Who is my Dad? My father is Chief (DR) Akpophiowhobo Alfred Akporobomemerere. An officer and gentleman, retired from the Nigerian Army Education Corps. He was born into the Royal Family of Agbarha-Otor, in Ughelli, Delta State. He was an only child of his Mum and his father who was also an only child, died at an early age of 5. His grandfather the king at the time, was deported to Calabar for human trafficking then. Expectedly, with no help as a young man, he took it upon himself to get education as a sure way of reaching that point in life he desired. That journey led him through working as rubber tapper, farmer and a commodity (palm nuts and rubber)trader. He was later to reevaluate his strength, capacity and his goal in life. Leading him to take his studies more seriously. Thus, he became a teacher and had a part time "chemist"(drug store) business that supplemented the family.
After a teacher training certificate he became a school headmaster, vice principal and later on principal. He was to transfer his service to the the Nigerian Army in the mid 70s. During his days in the army, he acquired a degree from UNILAG... Thank God! And his education was funded partly by the army and his salary. He again transferred his service to the Federal ministry of Labour, Employment and Productivity back then and move back to Warri in 1981.
He retired from public service to join the private sector as General Manager of Olo Cold Drinks and Sparkling Breweries in Benin, from where he went into full retirement. Oh by the way, he tried to be the governor of Bendel State under NAP. He did not succeed.
My Dad, was a disciplinarian. He believed 60% in flogging as a tool of correction and training. 20% in slaps and konks. 10% of my training was in one on one talks. One way talk I mean. The last 10% was... "shouldn't common sense teach you?"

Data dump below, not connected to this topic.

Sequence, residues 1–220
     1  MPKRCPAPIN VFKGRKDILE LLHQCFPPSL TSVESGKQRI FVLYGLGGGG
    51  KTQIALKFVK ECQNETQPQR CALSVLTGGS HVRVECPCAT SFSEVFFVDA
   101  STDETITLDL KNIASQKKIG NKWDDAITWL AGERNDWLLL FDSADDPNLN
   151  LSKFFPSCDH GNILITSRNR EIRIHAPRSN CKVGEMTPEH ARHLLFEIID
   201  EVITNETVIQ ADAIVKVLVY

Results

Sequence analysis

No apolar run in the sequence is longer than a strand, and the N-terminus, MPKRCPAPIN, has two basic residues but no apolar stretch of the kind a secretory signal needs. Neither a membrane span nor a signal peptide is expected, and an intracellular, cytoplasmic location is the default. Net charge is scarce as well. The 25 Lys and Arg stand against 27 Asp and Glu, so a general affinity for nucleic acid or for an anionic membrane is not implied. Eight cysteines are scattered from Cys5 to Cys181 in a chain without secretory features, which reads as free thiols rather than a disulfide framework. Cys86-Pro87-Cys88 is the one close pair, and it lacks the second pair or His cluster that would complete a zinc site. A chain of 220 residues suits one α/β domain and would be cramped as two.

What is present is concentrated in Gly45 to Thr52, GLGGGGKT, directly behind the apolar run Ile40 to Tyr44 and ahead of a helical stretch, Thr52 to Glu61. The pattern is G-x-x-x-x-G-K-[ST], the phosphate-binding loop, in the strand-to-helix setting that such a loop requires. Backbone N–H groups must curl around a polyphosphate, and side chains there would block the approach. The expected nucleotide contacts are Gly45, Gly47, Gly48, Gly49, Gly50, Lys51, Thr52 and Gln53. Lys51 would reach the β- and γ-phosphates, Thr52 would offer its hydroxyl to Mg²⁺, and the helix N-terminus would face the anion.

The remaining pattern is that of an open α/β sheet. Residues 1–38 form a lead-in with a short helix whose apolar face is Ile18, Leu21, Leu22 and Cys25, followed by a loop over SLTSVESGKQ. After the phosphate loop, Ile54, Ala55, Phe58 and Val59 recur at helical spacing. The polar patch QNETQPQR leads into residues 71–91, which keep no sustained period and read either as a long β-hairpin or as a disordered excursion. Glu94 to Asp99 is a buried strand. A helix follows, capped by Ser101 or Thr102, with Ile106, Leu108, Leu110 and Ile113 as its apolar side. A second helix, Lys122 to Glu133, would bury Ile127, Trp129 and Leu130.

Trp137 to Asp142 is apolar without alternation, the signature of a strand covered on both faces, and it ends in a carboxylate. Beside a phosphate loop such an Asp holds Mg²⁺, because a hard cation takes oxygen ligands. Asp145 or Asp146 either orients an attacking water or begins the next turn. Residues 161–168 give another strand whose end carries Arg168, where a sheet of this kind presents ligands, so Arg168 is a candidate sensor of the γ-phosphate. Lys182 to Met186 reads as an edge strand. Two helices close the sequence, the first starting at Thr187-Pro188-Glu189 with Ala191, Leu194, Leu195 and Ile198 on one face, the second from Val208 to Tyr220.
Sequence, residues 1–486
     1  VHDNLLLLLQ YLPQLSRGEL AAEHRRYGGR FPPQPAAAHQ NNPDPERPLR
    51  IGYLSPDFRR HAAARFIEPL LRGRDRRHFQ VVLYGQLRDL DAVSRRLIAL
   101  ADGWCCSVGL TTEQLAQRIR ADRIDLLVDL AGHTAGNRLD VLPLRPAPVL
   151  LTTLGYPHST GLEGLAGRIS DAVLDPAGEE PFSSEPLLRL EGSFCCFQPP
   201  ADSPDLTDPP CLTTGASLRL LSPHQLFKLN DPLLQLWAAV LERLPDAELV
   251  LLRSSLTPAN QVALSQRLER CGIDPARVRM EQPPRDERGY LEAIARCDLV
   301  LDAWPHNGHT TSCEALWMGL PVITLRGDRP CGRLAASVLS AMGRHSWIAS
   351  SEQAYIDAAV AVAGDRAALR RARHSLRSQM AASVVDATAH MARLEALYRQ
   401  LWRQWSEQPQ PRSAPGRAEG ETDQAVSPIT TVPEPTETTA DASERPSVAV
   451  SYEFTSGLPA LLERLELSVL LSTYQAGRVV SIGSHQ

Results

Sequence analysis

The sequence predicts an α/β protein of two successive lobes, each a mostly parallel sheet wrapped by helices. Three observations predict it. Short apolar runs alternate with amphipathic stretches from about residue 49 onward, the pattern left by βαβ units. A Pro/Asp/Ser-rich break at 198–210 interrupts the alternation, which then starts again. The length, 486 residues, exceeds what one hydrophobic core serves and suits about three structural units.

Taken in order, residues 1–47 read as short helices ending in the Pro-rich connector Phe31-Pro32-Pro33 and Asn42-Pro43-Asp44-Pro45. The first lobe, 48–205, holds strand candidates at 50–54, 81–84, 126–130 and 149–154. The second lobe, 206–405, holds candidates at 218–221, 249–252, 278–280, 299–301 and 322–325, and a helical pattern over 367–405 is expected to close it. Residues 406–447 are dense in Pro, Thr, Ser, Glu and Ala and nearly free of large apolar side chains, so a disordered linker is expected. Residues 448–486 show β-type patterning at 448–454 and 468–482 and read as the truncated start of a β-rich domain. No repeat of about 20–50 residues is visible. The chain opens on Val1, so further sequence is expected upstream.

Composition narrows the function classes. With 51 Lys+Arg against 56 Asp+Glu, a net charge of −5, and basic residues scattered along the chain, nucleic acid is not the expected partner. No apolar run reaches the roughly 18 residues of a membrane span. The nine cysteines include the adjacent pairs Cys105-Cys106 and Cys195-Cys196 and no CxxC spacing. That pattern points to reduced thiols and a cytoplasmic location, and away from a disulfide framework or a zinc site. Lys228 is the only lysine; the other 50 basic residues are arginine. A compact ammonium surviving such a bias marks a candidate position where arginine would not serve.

My Dad is a core traditional African man. The man is the head of the home all he says goes kinda man. My Mum recognised and obeyed this, like a lot of mothers of that era. He was not a romantic. He hardly said he loved anything. He left you to figure that out by yourself.
Education was key. Reading, comprehension, writing, research, listening and asking questions. And ultimately, proving that all that process and experience makes a difference in your life. He believed that having a good handwriting made thoughts flow better. He always joked that when your handwriting is nothing to write home about, the brain is always reluctant in using it as a channel of communication. He once said, if you can READ! RITE! REASON! & RESEARCH! There is hardly anything you can't do. I will not promise to leave anything for you in a will, but you can be sure you will get educated, My father always said.
It's amazing how some reason behind why our fathers wanted the best for us begin to make sense when we become fathers ourselves. Like when they insist we study professional courses. It's not that they want to brag that that my son is a lawyer, doctor, architect or accountant.. NO! They actually want to protect them from being responsible for your children and responsibilities besides being able o come to you when there is need to. I had a talk with my Dad sometime back and it is very clear that given the amount of resources back then... We were lucky to get hat we got as children. Bet another thing that I found out about my Dad is that he made sacrifices when he would rather have said... ABEG ABEG ABEG
Back then, my father always said women are not like men. Their lives are more complicated than a man's own. That they needed to be checked or else, any an who is caught in their complication hardly untangles himself. He told me a woman can compare you to someone who is doing well. But will not want you to be like the same person when you point out that same person's bad side. He told me my Mum used to tell my Dad that a certain friend of the family back then had done this and that for his wife. They would have a quarrel about the comparison. One day, the man took a second wife, my Dad was first to know. So he told my mum, he was ready to be like that family friend. My mUm smiled and said "Oho! You now know ABI?" when she found out, she asked my Dad if he heard what that useless Mr Ajayi did? I'm Following in his footsteps.
The fathers at large
Get a good job
Let no woman care for you
The gun is power... The pen isn't mightier
Education is key
Reading enhances the mind and informs your thoughts
Flogging is correctional